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Hedgehog mountain

A new location for me.

Today was a beautiful fall day, with blue skies and a hint of oranges and reds scattered through the hardwood forests on the slopes of the White Mountains. I had a slow start to my morning but wanted to visit a new place, so I selected Hedgehog Mountain from the list of “52 with a view”. I’m surprised I’d never heard of it before, though it is located in the center of the Whites and is a close neighbor of some of the better-known four-thousand footers.

David on the East Ledges of Hedgehog Mountain;
Mount Chocorua is the rocky knob to right of center.
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Tripyramids

A grueling hike up and down the slides of the Tripyramid range.

In search of new places to go, I find myself thinking back to hikes I completed more than a quarter-century ago; enough time has passed that they may as well be “new” again, for me. I’ve had my eye on the Tripyramids for several years now, because they make an intriguing triplet, easily recognizable on any horizon. Most notably, when I climbed them last in 1985, we approached from the north, from the Kancamagus Highway; now, it was time to try the western route, up the sheer North Slide and down the scree-filled South Slide. Read on, and check out the photo gallery.

David climbs the slide on North Tripyramid, at times on all fours.
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Mount Hale

A morning hike to a 4000-footer.

It was a beautiful day for a hike, so I was pleased to have a chance to join friends for a climb of Mount Hale – one of the 4000-foot peaks in the White Mountains of New Hampshire. Much of the trail follows Hale Brook, including several pretty cascades.

Waterfall on Hale Brook, White Mountains.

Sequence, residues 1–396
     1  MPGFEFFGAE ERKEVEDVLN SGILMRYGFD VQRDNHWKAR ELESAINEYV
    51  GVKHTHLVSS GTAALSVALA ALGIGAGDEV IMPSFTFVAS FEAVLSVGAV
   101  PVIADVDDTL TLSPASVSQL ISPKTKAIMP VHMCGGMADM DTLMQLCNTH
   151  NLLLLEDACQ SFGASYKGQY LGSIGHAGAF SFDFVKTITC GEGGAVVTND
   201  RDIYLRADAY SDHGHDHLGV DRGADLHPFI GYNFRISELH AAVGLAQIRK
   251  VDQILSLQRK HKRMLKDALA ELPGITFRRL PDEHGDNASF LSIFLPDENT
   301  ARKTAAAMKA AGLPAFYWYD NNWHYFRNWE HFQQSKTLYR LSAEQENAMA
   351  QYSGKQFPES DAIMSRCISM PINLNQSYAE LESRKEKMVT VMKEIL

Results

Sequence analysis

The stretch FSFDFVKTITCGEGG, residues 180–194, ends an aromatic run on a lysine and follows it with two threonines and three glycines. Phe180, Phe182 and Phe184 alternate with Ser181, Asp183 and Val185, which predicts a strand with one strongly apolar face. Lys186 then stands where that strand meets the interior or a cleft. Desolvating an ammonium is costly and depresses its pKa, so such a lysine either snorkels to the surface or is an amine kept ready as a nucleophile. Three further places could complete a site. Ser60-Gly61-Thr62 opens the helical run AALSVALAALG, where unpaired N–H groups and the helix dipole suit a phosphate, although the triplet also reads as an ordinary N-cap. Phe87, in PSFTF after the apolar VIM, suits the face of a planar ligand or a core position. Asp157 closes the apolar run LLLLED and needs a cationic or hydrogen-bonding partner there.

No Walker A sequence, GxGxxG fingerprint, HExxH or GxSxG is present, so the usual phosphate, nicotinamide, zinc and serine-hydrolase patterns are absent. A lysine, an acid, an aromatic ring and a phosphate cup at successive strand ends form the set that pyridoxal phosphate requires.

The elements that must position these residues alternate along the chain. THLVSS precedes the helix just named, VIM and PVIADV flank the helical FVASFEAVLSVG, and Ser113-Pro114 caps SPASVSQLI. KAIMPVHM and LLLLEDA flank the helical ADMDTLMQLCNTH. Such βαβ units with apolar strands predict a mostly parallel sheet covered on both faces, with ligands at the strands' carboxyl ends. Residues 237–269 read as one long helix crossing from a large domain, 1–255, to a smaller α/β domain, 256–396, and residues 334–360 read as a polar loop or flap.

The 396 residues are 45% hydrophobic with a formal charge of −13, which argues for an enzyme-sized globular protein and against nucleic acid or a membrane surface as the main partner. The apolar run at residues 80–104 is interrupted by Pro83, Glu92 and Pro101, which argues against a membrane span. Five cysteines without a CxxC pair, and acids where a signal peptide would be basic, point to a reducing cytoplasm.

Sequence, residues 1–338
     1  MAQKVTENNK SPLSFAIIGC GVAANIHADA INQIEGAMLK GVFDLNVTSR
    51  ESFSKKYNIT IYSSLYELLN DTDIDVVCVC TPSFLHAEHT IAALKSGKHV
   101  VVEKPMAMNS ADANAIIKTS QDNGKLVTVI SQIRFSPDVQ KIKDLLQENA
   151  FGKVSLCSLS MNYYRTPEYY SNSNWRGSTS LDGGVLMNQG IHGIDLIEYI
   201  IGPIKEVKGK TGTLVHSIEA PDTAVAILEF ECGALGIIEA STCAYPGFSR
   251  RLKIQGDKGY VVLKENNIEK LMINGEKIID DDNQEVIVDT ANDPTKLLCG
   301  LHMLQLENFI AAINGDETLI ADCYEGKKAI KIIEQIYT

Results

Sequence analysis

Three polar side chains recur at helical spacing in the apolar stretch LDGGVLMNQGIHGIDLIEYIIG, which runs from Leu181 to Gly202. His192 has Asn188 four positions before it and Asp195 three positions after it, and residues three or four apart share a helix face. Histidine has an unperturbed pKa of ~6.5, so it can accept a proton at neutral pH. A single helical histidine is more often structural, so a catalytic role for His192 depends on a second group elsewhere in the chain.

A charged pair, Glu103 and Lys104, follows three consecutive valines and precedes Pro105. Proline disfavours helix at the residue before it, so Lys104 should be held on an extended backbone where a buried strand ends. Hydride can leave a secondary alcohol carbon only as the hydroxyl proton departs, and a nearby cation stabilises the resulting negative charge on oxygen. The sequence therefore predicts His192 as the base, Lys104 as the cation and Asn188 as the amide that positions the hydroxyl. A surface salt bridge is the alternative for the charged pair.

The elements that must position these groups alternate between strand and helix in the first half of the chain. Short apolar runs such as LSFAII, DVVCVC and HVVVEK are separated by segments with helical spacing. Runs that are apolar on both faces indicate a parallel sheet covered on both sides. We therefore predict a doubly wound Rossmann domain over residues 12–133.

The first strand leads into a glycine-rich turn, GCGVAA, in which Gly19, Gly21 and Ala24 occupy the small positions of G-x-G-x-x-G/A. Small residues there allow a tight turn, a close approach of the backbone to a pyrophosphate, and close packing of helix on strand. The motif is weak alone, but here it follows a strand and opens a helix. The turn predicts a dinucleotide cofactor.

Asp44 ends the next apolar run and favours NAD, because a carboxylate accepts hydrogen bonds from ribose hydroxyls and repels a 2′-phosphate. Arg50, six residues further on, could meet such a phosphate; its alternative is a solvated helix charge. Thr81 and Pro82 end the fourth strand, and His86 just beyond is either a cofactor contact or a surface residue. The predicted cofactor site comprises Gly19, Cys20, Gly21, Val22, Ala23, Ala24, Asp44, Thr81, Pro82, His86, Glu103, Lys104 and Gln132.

More photos (and a video) on SmugMug.

Hike stats (round trip):
Distance: 6.64km
Time: 2h48m
Gain: 678m

Moosilauke

Spring conditions!

Although I’d already been up Moosilauke twice this winter, in late November and early January, I could not wait to get up there again before the season ends. I always enjoy visiting in late winter when the snowpack is incredibly deep, yet the valleys are starting to experience spring. So I’ve been watching the weather for the past two weeks and, finally, today offered me fantastic weather and an open calendar. I jumped at the chance. Read on, and check out the gallery.

David on the summit by 9:20am, in conditions warm enough for short sleeves.
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Welch & Dickey

A perfect day for these two popular peaks.

One never hears of anyone climbing Mount Welch, or Dickey, or Dickey & Welch. It’s always Welch & Dickey. These twin mountains are a popular pair of small peaks in central New Hampshire, on the south edge of the White Mountains. Part of their popularity is the loop trail that goes over both peaks, making a far more interesting hike than the usual out-and-back route one might use to approach a single peak. Today, a brilliant late-winter day, Andy and I followed the classic route and enjoyed perfect trail conditions, blue skies, and crystal-clear views. Read on and check out the photo gallery!

Mount Dickey (left) and Mount Welch, White Mountains of NH.